Today’s reading list:
The Department of Homeland Security is warning law enforcement officials about a rise in “rightwing extremist activity,” saying the economic recession, the election of America’s first black president and the return of a few disgruntled war veterans could swell the ranks of white-power militias.
Several years ago, I wrote a column which asked a simple question. Should paying taxes be a requirement of citizenship? In particular, I was referring to federal income taxes. If every single American expects to share in the benefits of being an American — freedom, protection, education, etc. — shouldn’t every American be required to contribute to the cause?
If you thought Bernard Madoff’s Ponzi scheme was bad, wait until you hear about the inverted pyramid scheme the federal government is working on. While Mr. Madoff preyed on people who trusted him with their money, the federal government has everyone’s money, and the implications of its actions are worse.
The Rasmussen folks last week revealed a poll wherein American young people are just about evenly divided on whether they prefer capitalism to socialism. Among our under-30 crowd, 37% prefer capitalism, 33% socialism, and 30% are undecided.
Sucking at the teat of the state has never looked so good, apparently.
Well, this certainly helps explain Obamamania.
Tie this purely disgusting finding to last year’s Josephson Institute Report Card on the Ethics of American Youth, which determined levels of lying, cheating and stealing among high school students, and you’ll see a very disturbing pattern of moral erosion.
Pennsylvania State University has stepped in it. In fact, they’ve stepped in it to the tops of their combat boots. A video was recently posted on the Penn State website for the ostensible purpose of helping professors deal with disruptive students. But its negative and stereotypical portrayal of veterans has provoked well-deserved outrage from citizens everywhere.
In the video, an instructor pays a visit to her department head indicating that she is still having a problem with a student. The department head responds eerily, asking whether the referenced student is “the veteran.” She indicates that, yes, it is “the veteran.”
Teatime, anyone? I hope you’ve joined one of the thousands of TEA (Taxed Enough Already) parties or FairTax rallies, which are happening across the country April 15 to protest outrageous government spending, the deepening of our national debt, and the subsequent taxes. This is a nonpartisan time to rally around like-minded citizens and declare that we’re tired of the same old political rhetoric and that we want a better way.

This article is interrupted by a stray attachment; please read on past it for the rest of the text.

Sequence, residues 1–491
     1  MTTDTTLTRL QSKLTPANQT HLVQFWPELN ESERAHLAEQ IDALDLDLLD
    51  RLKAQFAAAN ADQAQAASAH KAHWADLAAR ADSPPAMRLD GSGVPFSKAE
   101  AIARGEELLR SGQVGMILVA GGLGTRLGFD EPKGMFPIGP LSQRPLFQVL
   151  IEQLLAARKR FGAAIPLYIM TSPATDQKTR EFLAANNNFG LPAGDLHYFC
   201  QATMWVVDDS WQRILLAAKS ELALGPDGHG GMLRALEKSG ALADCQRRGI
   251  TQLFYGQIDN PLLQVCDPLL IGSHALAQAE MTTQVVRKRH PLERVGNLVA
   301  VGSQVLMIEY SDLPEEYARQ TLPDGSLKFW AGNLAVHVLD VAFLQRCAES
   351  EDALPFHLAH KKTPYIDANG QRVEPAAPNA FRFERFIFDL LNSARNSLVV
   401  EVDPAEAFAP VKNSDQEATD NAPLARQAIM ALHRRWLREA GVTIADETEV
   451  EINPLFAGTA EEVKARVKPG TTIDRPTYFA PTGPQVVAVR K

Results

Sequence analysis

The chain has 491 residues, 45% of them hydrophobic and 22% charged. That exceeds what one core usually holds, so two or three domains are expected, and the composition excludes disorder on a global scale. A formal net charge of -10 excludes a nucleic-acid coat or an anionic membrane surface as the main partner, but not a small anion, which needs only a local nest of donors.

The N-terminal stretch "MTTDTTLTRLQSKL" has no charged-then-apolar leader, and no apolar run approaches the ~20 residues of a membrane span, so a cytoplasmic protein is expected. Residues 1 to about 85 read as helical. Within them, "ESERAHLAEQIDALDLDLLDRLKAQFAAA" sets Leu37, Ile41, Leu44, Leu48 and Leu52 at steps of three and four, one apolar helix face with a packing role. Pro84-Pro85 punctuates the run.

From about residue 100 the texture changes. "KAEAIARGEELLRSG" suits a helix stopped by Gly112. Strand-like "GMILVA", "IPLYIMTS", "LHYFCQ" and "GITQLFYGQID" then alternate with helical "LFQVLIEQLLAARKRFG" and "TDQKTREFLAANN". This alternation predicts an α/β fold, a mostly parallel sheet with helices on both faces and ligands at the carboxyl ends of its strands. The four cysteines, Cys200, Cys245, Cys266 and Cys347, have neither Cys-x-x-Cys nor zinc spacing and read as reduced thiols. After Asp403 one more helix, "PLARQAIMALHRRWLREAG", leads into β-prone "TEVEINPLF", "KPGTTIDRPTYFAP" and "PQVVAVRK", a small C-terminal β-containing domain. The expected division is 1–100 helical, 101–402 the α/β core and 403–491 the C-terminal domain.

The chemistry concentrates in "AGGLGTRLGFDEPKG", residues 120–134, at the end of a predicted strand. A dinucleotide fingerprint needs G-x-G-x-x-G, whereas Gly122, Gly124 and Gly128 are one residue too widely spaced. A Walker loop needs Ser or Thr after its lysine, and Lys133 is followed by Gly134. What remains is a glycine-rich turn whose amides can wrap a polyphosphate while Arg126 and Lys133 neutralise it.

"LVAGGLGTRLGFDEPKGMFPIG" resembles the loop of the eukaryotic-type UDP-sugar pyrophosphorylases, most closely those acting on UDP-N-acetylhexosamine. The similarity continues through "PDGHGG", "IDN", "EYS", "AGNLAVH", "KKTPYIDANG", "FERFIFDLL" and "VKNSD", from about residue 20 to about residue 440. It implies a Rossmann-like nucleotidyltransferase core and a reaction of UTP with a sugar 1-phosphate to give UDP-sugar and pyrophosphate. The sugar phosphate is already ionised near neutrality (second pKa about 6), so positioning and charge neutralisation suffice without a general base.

I completely agree. I think that both the CBC and the Congressional Hispanic Caucus are racist. In fact, I think that the majority of racism in America comes from these two groups of Americans. Prove me wrong.
There was never a good reason for any members of Congress to create a group whose sole criterion for membership was race (or ethnicity in the case of the Congressional Hispanic Caucus). The CBC is so color-based that even congressmen representing majority-black districts who are not themselves black (such as Rep. Stephen Cohen, D-Tenn.), who applied for membership) are not allowed to be members. Such a group, if it existed anywhere else in America, would properly be declared racist and would be either legally or morally forced to shut down.
In his closing remarks during the final presidential debate of 1980, Ronald Reagan famously asked the American people: “Are you better off now than you were four years ago?”
Things are moving a more rapid clip, so perhaps it would be appropriate today to ask if we are better off today than we before control of Congress changed hands in the last two years of the Bush administration and a new president was inaugurated last January.
The Second Amendment Foundation, and their publication, “The New Gun Week,” are the most informative and timely sources of information on gun issues I have found, and I highly recommend both.
Recently they released the news that 65 Democrats–members of Congress–sent a joint letter to Attorney General Eric Holder that they would not support any form of assault weapon legislation the new administration proposed to push.